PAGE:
Students Discuss Socioeconomic Class

Questions during last Wednesday’s Community Conversation addressed whether COVID-19 might impact students’ ability to afford tuition next year and why teachers might assume that wealthy students are more likely to cheat. The focus of this discussion was “Everything You Wanted to Know, But Were Afraid to Ask About Socioeconomic Class.”

At the discussion, students shared their perspectives on how socioeconomic status affects opportunities and culture at school, and the ways the school can be more inclusive to students from all types of socioeconomic backgrounds. Eliza Ross ’22 said, “The conversation was significant because socioeconomic status is one of the things that people don’t consider much when they talk about [diversity and inclusion], causing people to be insensitive about status and situation. I think the conversation was good to bring up the things that don’t get talked about but should be.”

Although many aspects of the conversations have not changed since the program transitioned to Zoom, holding these conversations on Zoom does offer greater anonymity since participants can turn off cameras, microphones, and change their name displays. 

The structure of conversations differ from other affinity group or club meetings. Questions are submitted anonymously through a Google Form sent out by Dr. Rachel Myers, director of diversity and inclusion, a week before each discussion takes place. At the subsequent meeting, Dr. Myers reads each question and audience members belonging to the affinity group being questioned can respond. There are a list of guidelines for discussion reviewed at the beginning of each meeting, including points for participants to keep in mind, such as to only talk in the “I” perspective and to refrain from monopolizing the conversation.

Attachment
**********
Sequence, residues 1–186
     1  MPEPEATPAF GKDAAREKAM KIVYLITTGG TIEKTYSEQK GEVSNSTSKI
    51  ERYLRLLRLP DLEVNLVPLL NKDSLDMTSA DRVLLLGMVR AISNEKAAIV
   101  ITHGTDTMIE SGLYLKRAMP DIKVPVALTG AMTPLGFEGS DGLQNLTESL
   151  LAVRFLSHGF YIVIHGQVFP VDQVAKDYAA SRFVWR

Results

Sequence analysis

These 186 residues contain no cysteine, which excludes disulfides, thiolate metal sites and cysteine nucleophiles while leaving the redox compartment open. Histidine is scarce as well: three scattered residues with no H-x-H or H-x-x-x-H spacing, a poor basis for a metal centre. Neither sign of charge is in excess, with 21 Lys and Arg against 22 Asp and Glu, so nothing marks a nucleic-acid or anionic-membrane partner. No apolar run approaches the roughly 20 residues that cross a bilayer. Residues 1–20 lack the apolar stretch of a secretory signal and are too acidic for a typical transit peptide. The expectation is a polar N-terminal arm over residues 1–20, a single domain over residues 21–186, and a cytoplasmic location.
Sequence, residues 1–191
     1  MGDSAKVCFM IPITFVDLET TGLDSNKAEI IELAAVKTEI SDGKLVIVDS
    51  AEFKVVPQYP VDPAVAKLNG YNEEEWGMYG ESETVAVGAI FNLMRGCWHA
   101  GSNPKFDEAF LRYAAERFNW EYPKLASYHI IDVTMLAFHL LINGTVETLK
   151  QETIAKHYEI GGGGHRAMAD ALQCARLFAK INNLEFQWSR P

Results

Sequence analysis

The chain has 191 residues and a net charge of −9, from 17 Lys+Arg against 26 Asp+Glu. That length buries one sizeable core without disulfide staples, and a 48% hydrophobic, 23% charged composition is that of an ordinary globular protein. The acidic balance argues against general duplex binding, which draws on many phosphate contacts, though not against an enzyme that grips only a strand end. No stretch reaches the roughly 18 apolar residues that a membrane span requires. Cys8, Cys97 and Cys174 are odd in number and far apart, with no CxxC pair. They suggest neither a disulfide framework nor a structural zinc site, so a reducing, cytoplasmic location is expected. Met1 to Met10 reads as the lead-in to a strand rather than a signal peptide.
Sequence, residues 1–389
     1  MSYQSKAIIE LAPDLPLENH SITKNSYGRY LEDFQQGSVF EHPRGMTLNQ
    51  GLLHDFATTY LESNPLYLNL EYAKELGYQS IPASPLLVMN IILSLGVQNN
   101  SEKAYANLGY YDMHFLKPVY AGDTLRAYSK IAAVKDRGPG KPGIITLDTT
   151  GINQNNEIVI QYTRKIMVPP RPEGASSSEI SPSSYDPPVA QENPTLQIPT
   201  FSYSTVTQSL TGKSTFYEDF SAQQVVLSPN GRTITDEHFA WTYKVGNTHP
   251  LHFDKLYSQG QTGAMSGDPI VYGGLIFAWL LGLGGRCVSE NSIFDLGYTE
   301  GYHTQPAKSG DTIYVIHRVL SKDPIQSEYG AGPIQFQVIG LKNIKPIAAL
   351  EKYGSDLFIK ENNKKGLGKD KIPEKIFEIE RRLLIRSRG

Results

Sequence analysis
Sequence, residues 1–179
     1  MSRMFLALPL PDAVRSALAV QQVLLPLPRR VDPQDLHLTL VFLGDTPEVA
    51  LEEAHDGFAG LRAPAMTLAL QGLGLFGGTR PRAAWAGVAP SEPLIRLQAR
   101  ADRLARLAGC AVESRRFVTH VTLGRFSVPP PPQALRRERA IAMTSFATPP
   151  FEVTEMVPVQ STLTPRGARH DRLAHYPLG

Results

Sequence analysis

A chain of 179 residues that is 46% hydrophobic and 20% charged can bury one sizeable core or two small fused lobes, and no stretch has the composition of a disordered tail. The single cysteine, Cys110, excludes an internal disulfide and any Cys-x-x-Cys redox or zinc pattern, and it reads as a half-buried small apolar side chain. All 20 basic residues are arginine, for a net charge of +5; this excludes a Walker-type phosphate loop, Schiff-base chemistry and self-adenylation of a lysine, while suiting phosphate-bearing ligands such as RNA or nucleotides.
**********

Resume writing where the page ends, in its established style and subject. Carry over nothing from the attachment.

The Community Conversations series originated two years ago from a collaboration between Dr. Myers and Mrs. Nancy Vaughn, wellness administrator and associate director of student activities. They recognized the school’s need for a judgement-free space for the community to talk about diversity-related topics about which community members might have questions. Previous topics have included LGBTQ identity, multi-racial identity, and religion. Dr. Myers said, “It’s really easy in a school community to get stuck through the daily cycles of life, and there aren’t many times to actually carve out the space and [talk about] the hard stuff. The conversations remind us to be thoughtful about diversity as a community.”

The Council on Diversity and Inclusion, which is co-chaired by Dr. Myers and Mr. Craig Bradley, head of school, is working on initiatives for Mental Health Awareness Month this May and this year’s final Community Conversation on white male privilege.